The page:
SWHM Guest: Sandra Schwab on Lady Holland

We’re winding down on Smithsonian Women’s History Month! But we’re not done yet! In fact we’ve got Sandra Schwab here today to tell us about Lady Holland! When trying to plan for March I was like “my gosh what do I do?” So I put out a call on social media, contacted some people, and looked up other awesome historical women I wanted to feature. I think it’s gone okay so far, right? 😉

Sandra has everything covered really, with a really great and informative post, so I’ll just let her take it from here!

A Most Remarkable Woman: Lady Holland

Lady HollandSome fourteen or fifteen years ago, I stumbled across a mention of Lady Holland, one of the great Whig hostesses of the early nineteenth century, and the Holland House Circle. What I read was intriguing enough to dig a little deeper when I was doing research for my first historical romance. I read many contemporary and later accounts as well as diaries and detailed descriptions of the house and its environs. What slowly emerged was the story of a most remarkable woman.

Lady Holland was born in 1771 as Elizabeth Vassal, the daughter of a rich merchant family. Barely fifteen, she was forced to marry Sir Godfrey Webster, who was more than 20 years her senior. As can be expected she was deeply unhappy in her marriage, especially when it became obvious that their interests were wide apart. She loved travelling and was interested in the arts. He was not. Even worse: he was becoming increasingly abusive.

In 1793, during a journey through Italy with her husband, Elizabeth wrote in her journal:

“In all the collections much escapes me, as I am always accompanied by one whose impetuosity compels me to hasten from objects I would willingly contemplate, and whose violence of temper throws me into agitations that prevent me distinguishing the objects when they are before me. Much as I endure now, yet it is infinitely more bearable than formerly; experience and a better knowledge of the world makes me laugh at menaces that used to terrify me out of my senses. These threats […] follow the slightest difference of opinion between us. / The present reigning grievance is the being from home, and my determined love for being abroad.”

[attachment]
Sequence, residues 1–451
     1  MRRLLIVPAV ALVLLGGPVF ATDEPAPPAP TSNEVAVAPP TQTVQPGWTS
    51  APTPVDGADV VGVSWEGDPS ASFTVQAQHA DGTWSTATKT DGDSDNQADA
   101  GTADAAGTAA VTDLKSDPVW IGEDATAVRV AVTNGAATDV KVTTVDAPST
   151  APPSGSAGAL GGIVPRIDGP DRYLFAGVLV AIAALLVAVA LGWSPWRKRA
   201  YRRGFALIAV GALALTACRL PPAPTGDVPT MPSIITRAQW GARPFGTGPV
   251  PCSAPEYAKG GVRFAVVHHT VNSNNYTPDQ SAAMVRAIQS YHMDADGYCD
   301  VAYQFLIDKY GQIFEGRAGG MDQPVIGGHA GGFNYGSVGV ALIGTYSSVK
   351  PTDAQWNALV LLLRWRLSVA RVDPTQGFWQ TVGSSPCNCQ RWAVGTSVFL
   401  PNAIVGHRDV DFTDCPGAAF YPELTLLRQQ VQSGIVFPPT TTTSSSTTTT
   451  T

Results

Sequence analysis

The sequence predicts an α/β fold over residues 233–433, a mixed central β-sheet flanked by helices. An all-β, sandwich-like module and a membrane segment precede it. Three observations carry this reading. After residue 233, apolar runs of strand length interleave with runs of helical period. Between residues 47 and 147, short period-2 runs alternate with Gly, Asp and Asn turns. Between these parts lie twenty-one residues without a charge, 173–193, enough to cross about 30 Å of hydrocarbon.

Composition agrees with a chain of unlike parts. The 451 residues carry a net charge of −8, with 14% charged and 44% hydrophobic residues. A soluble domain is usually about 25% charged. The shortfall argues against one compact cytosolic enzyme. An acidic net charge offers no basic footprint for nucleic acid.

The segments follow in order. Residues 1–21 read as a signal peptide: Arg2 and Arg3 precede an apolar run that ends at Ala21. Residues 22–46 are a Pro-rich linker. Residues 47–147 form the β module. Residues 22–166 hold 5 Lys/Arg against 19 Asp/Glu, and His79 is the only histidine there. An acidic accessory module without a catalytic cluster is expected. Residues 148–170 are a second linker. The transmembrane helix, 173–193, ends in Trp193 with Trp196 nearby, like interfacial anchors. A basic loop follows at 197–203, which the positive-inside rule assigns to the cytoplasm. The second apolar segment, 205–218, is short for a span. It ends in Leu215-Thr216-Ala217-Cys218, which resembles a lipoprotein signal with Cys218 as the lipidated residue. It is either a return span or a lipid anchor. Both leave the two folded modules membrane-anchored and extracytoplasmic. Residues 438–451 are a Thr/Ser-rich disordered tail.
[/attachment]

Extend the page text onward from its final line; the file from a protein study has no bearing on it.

Sir Godfrey became so violent, that friends and acquaintances were worried for Elizabeth’s safety and advised her never to travel alone with her husband, but always in large groups. It is no wonder then that Elizabeth did try to avoid the company of her husband as much as possible. In the winter of 1793/ 1794 she was travelling alone around the continent (despite the war that had broken out!), and once again went to Italy, where she met Henry Richard Fox, 3rd Lord Holland — and they seemed to have hit if off right from the start. In early February 1794 Elizabeth wrote in her diary:

“Ld. G. Leveson-Gower and Ld. Holland came here the day before yesterday. The first I knew at Dresden. He is remarkably handsome and winning […]. Ld. Holland is not in the least handsome; he has, on the contrary, many personal defects, but his pleasingness of manner and liveliness of conversation get over them speedily. He is just returned from Spain, and his complexion partakes of the Morescoe hue. He is now in better health. He has a very complex disorder, called an ossification of the muscles in his left leg. […] They dined with us […] Ld. Holland quite delightful; his gaiety beyond anything I ever knew, full of good stories.”

Holland HouseAnd so, it did not take long before Elizabeth was head over heels in love with Lord Holland. She started an affair with him and soon was pregnant with his child. This acted as the cue for her husband to start divorce proceedings in England — at that time, a very messy affair. The marriage was eventually annulled in 1797, eight months after Elizabeth had given birth to a son, Charles Fox Vassall — and surely this was meant to be Sir Godfrey’s revenge: he went to parliament for an annulment so late that this child was born illegitimate and could not inherit Lord Holland’s title. Two days after the annulment, Elizabeth married her Lord Holland.

“I was married at Rickmansworth Church by Rev. Mr. Morris to Lord Holland, on July 6th, 1797. […] I was twenty-six years old. Ld. H. was twenty-three. The difference in age is, alas! two years and eight months—a horrid disparity,” Elizabeth writes, tongue-in-cheek. And Lady Bessborough, who was present at the wedding, wrote to Lord Leveson-Gower: “I never saw creatures so happy. Such perfect happiness as theirs scarcely ever was instanc’d before.”